The Economic Freedom Fighters (EFF), the country's third-largest party, called for a "national shutdown" of walkouts and protests, sparking fears of a repeat of unrest that turned deadly two years ago.
In Pretoria's Church Square, a huge poster made from white fabric, with "Ramaphosa must go" written in red paint, was tied to a fence.
"Clearly this government is failing," said Carl Niehaus, a former official of the ruling ANC who joined the mainly EFF supporters for the rally.
"The damage that the Ramaphosa government is causing is so terrible that we cannot tolerate it any longer. They must go now," he told AFP.
Trade unionist Trevor Shaku was among the protesters calling on the ANC government to go.
"They have proven beyond doubt that they cannot rule this country, that they cannot manage this country," he said.
Authorities said they were on high alert to prevent and fight any acts of criminality and maintain public order. Parliament announced that President Cyril Ramaphosa had authorized the deployment of 3,474 soldiers to assist police.
"We hope that those that will be marching, as long as they will be doing so peacefully, we have no reason to interfere with them," police minister Bheki Cele told reporters in Johannesburg on Monday.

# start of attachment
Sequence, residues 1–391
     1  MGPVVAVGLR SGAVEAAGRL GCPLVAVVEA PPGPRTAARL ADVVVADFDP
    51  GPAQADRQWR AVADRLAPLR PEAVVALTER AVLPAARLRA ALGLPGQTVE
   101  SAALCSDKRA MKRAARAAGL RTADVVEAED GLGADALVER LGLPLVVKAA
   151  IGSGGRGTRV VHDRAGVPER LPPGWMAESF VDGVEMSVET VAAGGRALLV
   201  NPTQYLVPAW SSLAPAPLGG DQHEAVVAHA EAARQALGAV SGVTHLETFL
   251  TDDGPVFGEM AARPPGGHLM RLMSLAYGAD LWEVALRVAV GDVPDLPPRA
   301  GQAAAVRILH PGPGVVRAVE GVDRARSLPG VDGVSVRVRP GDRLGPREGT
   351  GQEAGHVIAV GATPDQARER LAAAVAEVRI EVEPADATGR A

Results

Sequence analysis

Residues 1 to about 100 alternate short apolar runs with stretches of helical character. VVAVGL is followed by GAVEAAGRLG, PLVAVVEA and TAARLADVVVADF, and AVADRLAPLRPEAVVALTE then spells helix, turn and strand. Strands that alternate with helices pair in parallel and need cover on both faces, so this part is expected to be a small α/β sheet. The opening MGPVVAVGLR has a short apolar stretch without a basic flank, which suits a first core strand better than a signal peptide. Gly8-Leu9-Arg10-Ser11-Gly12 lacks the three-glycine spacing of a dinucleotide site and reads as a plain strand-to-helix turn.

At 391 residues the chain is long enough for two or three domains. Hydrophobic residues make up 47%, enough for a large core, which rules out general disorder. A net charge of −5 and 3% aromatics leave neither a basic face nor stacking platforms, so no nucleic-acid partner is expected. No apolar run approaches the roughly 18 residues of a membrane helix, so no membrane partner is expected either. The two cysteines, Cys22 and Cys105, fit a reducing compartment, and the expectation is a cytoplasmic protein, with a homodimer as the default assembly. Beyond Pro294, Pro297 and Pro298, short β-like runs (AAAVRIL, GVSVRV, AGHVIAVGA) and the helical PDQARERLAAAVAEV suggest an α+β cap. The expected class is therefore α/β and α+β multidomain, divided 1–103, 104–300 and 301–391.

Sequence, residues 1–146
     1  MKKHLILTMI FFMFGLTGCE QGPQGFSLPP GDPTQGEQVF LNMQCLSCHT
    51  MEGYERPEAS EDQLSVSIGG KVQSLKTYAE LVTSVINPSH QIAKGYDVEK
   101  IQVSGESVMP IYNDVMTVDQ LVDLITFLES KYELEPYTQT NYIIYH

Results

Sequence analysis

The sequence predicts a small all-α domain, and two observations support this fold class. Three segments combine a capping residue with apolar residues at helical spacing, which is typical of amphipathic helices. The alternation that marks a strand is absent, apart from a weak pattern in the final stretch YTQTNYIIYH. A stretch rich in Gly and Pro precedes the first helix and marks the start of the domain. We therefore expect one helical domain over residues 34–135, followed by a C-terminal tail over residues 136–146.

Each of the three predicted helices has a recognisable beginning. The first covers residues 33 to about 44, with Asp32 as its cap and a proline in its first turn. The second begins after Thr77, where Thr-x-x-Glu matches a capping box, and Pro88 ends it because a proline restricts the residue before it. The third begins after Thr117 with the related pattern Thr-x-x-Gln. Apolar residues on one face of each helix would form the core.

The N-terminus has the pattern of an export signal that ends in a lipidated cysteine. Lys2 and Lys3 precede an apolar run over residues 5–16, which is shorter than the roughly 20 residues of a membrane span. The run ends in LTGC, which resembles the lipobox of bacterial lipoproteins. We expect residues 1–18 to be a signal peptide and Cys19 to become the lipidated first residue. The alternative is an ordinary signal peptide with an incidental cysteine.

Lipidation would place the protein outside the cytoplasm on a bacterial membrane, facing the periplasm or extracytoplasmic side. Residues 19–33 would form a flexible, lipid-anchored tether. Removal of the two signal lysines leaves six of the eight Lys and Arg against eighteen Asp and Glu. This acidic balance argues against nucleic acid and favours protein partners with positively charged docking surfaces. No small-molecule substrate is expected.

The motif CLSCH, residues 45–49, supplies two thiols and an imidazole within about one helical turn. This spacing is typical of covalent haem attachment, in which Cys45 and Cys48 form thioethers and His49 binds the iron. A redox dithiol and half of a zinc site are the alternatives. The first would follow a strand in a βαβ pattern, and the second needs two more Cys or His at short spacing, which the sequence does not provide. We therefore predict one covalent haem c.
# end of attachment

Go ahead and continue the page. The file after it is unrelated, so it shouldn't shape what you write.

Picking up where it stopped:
"Police will have to be tough without really being brutal," he said, adding that private security companies were also helping police.
South African security forces said on Monday that 87 people had been arrested in the last 12 hours across the country over public violence ahead of planned protests by the EFF.
The EFF called for a national shutdown to protest crippling power cuts and demand the resignation of President Cyril Ramaphosa.
The party's main constituency are the poor and working class Black South Africans who feel left out of the country's prosperity since the governing African National Congress (ANC) ended white minority rule in 1994.
Parliament said in a statement on Sunday that the South African military would deploy 3,474 troops for a month until April 17 to prevent and combat crime in cooperation with the police.
"Law enforcement officers are on high alert and will continue to prevent and combat any acts of criminality," NatJOINTS said.
This report was sourced from Reuters and Agence France-Presse.